UK PM May’s stand to cut immigration below 100,000 could damage ties with India

British Prime Minister Theresa May vowed to stick to her party’s pledge to cut the migration figures down to “tens of thousands”, evoking a strong reaction from Liberal Democrats who warned that her tough stand will damage ties with countries like India.
The Prime Minister said it was important to hit this target given the pressure immigration had put on public services and those on lower incomes.
The pledge to bring immigration below 100,000 will form part of her Conservative Party’s manifesto for the June 8 general election.
“I think that it is important that we do say and continue to say that we do want to bring migration to sustainable levels. We believe that is the tens of thousands,” May said.
“Once we leave the EU, we will, of course, have the opportunity to ensure we have control of our borders. We will be able to establish our rules for people coming from the EU. That is a part of the picture we have not been able to control before,” she said.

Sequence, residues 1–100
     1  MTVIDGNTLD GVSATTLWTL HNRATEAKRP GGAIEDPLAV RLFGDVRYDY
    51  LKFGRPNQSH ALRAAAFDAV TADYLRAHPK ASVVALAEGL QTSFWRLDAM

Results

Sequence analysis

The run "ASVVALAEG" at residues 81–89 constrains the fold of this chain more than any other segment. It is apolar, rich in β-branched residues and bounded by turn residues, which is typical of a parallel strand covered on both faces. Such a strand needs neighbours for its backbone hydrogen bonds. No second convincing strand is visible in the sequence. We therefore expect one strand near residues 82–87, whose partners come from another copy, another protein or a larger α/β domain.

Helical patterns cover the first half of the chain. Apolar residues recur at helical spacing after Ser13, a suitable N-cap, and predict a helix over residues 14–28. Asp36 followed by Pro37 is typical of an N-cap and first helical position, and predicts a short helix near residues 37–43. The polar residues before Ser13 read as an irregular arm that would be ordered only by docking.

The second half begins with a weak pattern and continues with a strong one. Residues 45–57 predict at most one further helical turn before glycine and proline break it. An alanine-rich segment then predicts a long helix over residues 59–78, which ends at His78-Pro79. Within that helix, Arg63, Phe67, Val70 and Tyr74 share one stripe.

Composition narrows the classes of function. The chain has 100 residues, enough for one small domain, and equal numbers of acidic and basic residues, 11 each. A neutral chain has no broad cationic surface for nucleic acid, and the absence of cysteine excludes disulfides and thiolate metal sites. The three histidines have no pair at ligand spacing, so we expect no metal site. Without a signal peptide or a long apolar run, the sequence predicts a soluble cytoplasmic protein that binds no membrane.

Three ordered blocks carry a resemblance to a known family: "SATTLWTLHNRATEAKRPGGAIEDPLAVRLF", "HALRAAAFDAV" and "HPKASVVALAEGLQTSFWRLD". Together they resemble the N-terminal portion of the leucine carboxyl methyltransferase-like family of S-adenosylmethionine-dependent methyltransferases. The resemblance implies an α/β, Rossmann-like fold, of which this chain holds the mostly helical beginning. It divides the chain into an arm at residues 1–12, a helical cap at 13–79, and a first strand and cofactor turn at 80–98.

Net migration, which is the difference between the number of people arriving into and leaving the country, stands at around 273,000 in the UK and the Tories have repeatedly missed their target of cutting that down to tens of thousands since it was announced in the general election in 2010 and then repeated in 2015.
There was widespread speculation over whether May would renew the pledge for this election and she chose to use Brexit as the reason to hold on to what has been described by Opposition parties as an “artificial” target which is impossible to meet.
Liberal Democrat party attacked the ruling Conservative party for its stance. The party’s shadow home secretary, Brian Paddick, said May’s stand on the issue will damage ties with countries like India.
“The leave campaign, many members of which are now in the Cabinet, made a clear commitment during the referendum campaign to lift visa restrictions on people from India and other Commonwealth countries, it is now clear that this is another leave lie,” Paddick said.
“Britain’s Asian communities are realising that these complacent, divisive and Brexit-style parties do not represent them and our increase of the vote to 18 per cent in last week’s local election demonstrates the Liberal Democrats are making significant inroads with voters up and down the country, including many Asian voters,” he said.